But the tension is, they can’t even pretend that they do not care — and it is from this indifference that some of the best deadpan humour can emerge — because they are both enamoured and dependent on the conveyor belt of Bollywood. Bhat seems to be the only one who is, somewhat, detached from that world, having tapped into something more boisterous and popular (YouTube fandoms; gamers). He was the only one who didn’t seem, in any way, dependent on a mainstream to build his brand, sitting on the side, throwing barbs wherever his face turned.

It is hard to expect this panel to be as irreverent or honest, while also being entirely dependent and looking forward to the patronage of someone like Johar. There is an element of awe, of fandom — drool dribbles over Ranveer Singh and Janhvi Kapoor — that makes this panel less cynical, but also less discerning, less serrated in their opinions. While Johar’s partiality to Alia Bhatt, to Janhvi Kapoor was brought out and discussed, no one seemed to bring up the biggest elephant in the room — how boring this season of the show made stardom look. How watching every episode, increasingly, felt like lugging a weight we are used to carrying, but why labour at all?

That Johar is willing and able to take a joke on himself, defend himself when he can, shirk his shoulders when he can’t is so rare for a celebrity. Not many are powerful enough to not care about the difference between being laughed at and laughed with. He is a remarkably self aware person, and brings up his relationship with sex, therapy, dating, and much like what happened on the show when Janhvi Kapoor’s waxed poetic her sob-story, the camera moves closer, like a zoom in, pulling you in by the collar. The show, on paper at least, seems like the only place, the perfect hotbed, where we see stars responding to their stardom in ways that are both refreshing or shocking. This last episode, a retrospective, twists that further, where Karan responds to the stars responding to their stardom. Doesn’t it sound glorious and messy?

This episode, however, has a fault line running through it — the former where the four comic personalities light-roast Johar, bringing up memes, but never malice; the latter was the Koffee Awards for the best moment, best rapid fire, best male and female performance. The latter, a total waste of time; the former full of the charming, comfortable froth of people well versed in the language of memes and reels, as though trying to cut through every conversation with a punchline. It can get exhausting, as anyone who has dated comedians will tell you.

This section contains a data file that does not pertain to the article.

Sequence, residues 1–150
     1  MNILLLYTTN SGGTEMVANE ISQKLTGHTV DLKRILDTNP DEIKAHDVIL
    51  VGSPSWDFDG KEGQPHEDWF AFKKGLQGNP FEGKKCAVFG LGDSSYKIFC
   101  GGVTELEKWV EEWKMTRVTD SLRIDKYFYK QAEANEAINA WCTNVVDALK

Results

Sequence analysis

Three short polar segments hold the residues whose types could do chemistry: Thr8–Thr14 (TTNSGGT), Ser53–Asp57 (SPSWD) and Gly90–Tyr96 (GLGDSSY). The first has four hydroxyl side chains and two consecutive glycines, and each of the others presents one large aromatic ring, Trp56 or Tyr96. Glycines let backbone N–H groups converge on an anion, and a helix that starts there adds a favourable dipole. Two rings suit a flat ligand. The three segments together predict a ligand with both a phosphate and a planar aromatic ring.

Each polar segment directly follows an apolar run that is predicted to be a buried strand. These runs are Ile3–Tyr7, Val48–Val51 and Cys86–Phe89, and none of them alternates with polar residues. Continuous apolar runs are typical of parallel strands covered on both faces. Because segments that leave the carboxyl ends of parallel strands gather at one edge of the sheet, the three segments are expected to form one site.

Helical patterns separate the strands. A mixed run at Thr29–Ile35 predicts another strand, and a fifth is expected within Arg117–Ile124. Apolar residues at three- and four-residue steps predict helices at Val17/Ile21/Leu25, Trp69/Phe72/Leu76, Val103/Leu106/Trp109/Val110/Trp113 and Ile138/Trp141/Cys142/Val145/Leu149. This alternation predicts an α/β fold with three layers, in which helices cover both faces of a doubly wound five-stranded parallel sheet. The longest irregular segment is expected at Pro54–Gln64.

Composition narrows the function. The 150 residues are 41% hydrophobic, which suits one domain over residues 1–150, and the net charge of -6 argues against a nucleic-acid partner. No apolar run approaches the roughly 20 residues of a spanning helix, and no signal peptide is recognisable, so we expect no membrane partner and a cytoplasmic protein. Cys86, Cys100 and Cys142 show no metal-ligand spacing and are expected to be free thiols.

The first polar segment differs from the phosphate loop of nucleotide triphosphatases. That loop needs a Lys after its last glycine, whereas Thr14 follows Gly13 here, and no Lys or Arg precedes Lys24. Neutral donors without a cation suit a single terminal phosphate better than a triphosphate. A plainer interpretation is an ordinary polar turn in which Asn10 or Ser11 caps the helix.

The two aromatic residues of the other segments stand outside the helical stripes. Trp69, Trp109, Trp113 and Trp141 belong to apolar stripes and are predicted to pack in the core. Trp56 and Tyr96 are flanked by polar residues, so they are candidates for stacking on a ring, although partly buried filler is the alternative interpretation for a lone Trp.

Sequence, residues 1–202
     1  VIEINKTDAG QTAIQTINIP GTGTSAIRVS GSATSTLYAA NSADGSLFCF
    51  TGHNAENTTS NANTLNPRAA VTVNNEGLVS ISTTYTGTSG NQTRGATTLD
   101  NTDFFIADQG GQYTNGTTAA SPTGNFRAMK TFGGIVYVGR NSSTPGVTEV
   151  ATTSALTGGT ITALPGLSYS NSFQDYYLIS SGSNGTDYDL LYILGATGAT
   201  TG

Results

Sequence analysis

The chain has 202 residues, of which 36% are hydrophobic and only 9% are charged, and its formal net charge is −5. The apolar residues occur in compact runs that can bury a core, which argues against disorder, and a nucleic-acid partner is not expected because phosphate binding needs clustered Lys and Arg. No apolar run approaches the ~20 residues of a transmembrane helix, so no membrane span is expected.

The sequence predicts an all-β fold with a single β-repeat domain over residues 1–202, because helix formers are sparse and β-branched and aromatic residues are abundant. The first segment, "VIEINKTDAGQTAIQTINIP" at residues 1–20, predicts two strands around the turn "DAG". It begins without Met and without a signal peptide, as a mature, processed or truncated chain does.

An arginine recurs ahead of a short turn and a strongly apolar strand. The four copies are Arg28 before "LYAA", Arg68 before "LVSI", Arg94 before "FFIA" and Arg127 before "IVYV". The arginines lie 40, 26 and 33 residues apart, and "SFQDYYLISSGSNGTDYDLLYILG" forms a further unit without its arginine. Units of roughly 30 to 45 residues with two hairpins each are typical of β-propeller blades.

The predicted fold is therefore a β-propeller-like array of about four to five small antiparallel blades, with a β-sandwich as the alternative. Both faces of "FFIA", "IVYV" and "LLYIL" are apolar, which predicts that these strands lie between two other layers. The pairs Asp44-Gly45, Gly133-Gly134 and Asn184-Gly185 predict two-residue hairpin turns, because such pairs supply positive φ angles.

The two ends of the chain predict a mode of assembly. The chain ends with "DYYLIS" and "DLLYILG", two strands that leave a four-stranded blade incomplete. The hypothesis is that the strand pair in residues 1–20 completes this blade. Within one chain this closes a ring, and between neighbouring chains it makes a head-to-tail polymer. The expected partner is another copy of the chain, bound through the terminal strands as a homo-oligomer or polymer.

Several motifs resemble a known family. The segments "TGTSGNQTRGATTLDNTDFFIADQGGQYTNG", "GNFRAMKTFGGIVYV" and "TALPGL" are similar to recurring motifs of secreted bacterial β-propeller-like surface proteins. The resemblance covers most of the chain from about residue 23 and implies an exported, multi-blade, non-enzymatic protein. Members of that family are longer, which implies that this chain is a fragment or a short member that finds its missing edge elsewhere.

This isn’t the first time they hooped comedians to crash the Bollywood party. Cyrus Broacha was the first, then came Rohan Joshi, then Vir Das with Mallika Dua. Ayan Mukerji, Manish Malhotra, Rohit Bal, Rajeev Masand — all of them, peripheral to the disco-ball fulcral fame — were also judges. This season, for the first time, the panel was entirely comic personalities whose careers took off when they were indoors, filming themselves. To see products of this kind of fame — one that is definitely less appealing than cinematic stardom, and thus, more grounded, more hustling — responding to the glitz, while also being entirely in awe and desiring of it, is a fascinating conceit; one that would have been more scalding had comedians wanted to be just comedians. The problem is, even our comedians want to be stars. But didn’t you see the seventh season? Is that really what you want to become?